Let’s not forget, marketing isn’t all about the online world. We know that the internet has taken over nearly everything, but some local businesses might still rely on the local market. In this case, split testing between two business cards might take your fancy. If you hand out 1,000 of each, both with a unique phone number, the one that generates the most phone calls is the better design and business card.
4. Learn Customers
Finally, what better way to learn more about your audience than to test what they do and don’t like, what they appreciate in a website, and what makes them respond to advertising? You’ll also learn about customers behavior, all while saving money that would’ve gone to extraneous changes to your website or ad campaigns.
Furthermore, we find that marketers tend to remain open to change when they’re able to test different variations. In the past, we would have to make a decision and then stick to it regardless of feedback (unless we wanted to spend huge sums on overhauling and taking a hit to our ego). Now, we can test different ideas and move forward with the best ones.
Whether you’re testing copy, creatives, or anything else, we’re going to finish with some best practices so that you make the most of the marketing technique!
Adjust Your Budget Accordingly
Too many times, we see marketers spend all of their budget on creating a website or ad campaign only to then have nothing left over for testing and adjustments. Because of this, it’s important to save about 20% for testing. If you like to test and aren’t sure about your creative, launch earlier and save more capital for testing.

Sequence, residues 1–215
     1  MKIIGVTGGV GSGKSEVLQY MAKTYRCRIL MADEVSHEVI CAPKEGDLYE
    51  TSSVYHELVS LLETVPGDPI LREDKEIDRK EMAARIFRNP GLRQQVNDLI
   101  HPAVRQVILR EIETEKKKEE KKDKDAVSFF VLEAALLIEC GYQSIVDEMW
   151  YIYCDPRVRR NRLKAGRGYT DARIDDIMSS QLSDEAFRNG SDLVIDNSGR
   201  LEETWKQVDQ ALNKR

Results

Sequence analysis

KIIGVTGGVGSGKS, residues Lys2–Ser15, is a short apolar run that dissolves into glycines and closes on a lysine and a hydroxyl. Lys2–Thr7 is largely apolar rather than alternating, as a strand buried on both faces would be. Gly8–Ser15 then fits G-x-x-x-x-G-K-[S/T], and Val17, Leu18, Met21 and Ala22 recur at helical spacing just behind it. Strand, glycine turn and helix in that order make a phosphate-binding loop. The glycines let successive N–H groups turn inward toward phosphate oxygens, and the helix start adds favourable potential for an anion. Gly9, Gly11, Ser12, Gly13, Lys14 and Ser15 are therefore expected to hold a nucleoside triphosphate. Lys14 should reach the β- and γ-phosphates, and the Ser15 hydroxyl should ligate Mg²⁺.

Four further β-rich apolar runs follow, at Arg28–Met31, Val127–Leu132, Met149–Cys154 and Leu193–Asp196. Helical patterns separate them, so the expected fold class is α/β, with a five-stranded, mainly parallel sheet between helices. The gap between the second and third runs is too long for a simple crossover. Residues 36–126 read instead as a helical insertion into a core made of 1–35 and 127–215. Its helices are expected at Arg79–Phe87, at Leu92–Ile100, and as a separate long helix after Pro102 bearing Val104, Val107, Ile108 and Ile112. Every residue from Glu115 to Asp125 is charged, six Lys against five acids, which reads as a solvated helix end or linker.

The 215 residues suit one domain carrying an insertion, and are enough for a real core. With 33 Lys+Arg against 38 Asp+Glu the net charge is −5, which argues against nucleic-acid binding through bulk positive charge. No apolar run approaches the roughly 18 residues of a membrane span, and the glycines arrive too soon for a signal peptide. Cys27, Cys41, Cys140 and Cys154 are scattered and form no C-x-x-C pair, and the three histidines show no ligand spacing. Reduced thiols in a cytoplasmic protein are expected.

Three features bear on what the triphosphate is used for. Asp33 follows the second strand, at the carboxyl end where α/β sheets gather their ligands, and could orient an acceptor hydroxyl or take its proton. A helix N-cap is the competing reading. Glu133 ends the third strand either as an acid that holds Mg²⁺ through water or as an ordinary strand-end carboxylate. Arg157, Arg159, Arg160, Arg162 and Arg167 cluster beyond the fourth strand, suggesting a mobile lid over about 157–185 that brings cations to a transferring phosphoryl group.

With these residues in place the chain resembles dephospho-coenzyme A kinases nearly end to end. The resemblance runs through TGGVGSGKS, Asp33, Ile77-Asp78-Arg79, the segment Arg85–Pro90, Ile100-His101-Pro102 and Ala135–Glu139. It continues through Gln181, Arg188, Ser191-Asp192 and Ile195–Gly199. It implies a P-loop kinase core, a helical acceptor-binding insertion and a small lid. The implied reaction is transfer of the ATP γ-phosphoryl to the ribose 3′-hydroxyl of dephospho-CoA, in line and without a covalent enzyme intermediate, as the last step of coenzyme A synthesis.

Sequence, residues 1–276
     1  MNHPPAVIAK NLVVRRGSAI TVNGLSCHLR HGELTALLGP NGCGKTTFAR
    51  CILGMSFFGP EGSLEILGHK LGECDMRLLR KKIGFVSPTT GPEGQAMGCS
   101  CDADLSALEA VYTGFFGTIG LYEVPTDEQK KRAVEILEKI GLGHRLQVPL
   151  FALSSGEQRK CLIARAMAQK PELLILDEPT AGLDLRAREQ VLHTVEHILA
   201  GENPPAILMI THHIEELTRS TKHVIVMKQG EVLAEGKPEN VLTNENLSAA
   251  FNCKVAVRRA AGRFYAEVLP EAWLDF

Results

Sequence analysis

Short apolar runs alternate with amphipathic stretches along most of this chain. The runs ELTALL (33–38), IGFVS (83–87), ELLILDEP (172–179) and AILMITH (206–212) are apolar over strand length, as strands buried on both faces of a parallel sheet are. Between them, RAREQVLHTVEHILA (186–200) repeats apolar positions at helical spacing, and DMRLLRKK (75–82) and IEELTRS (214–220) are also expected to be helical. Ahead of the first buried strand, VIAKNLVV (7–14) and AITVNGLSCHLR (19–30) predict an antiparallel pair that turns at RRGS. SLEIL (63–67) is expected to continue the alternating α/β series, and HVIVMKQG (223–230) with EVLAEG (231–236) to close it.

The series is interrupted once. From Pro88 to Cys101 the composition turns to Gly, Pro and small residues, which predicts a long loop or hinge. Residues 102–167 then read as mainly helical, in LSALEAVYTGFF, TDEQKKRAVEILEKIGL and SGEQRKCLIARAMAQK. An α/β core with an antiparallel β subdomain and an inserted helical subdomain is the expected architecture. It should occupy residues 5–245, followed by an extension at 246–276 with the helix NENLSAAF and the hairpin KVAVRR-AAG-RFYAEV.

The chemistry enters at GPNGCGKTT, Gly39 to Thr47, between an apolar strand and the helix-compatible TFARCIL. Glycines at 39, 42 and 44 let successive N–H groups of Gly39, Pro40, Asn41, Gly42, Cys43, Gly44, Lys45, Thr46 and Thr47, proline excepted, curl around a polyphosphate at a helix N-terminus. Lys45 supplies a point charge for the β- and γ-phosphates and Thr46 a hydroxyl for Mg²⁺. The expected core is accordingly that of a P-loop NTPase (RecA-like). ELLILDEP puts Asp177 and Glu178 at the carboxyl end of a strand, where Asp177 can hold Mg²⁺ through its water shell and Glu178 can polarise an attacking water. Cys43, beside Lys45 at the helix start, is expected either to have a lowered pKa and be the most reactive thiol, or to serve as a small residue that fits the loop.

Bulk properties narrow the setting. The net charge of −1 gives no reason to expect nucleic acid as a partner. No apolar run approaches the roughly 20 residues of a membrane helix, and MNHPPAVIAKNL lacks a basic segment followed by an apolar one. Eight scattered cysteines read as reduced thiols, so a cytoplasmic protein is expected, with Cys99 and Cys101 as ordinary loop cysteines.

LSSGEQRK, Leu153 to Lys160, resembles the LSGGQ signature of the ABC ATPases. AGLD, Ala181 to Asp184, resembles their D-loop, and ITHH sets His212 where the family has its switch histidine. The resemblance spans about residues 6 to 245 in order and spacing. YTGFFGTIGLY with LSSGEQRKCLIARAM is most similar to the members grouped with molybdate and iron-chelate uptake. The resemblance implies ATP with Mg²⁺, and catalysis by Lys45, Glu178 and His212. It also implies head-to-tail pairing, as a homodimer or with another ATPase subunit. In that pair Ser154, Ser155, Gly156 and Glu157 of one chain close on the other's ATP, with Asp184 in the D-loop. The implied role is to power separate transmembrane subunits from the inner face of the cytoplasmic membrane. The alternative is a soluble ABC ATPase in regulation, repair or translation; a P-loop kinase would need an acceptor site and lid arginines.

With some of your budget already stashed away, you can start testing soon after the website or ad campaign launches.
A common pitfall that we see all the time is impatience. No matter your brand or your goals, you absolutely need to have patience when implementing split testing. Don’t run a test for a day, check the initial results, and think that this tells you everything you need to know. Instead, allow for the clicks and spending to come through slowly. Eventually, the results will plateau, and you’ll get an accurate picture of what’s happening.
This is especially important with ad campaigns because you’re making decisions to get closer to your target audience. Don’t allow a potentially successful ad to be deleted or removed from the test just because you can’t wait long enough to see accurate results.
Know When to Quit
At the same time, you also need to know when something isn’t working. Sometimes, it might be that you have two creatives which are both performing very well. Rather than allowing them to go on for weeks with no clear winner, introduce another variation to the test. Remember, the point of testing is to find a creative, content, and website that performs better than another idea or your existing choice. If nothing is standing out, move on.
Choose Your First Test Carefully
When trying to generate successful ads, one of the most common questions we receive is whether to focus on the copy or the creatives first. Most marketers and specialists in this area would agree that it’s better to test creatives first. Over time, it has been discovered that creatives tend to contribute to success more than copy.
As the recipient of an ad, consumers will see the creatives way before they read the copy. Strong creatives will catch the eye of the passerby, while strong copy is normally only secondary. Once you’ve nailed the creatives, then you can think about enhancing the copy for results.
Of course, you shouldn’t forget that there are different types of ads too. For many, this leads to testing between carousel, video, GIFs, static image, and slideshow ads.
You should now know the meaning of A/B testing and how multivariate tests work. Thanks to this reliable testing technique, we can compare different versions of ads and websites. In the end, we make a more informed decision and hopefully move closer to our target audience.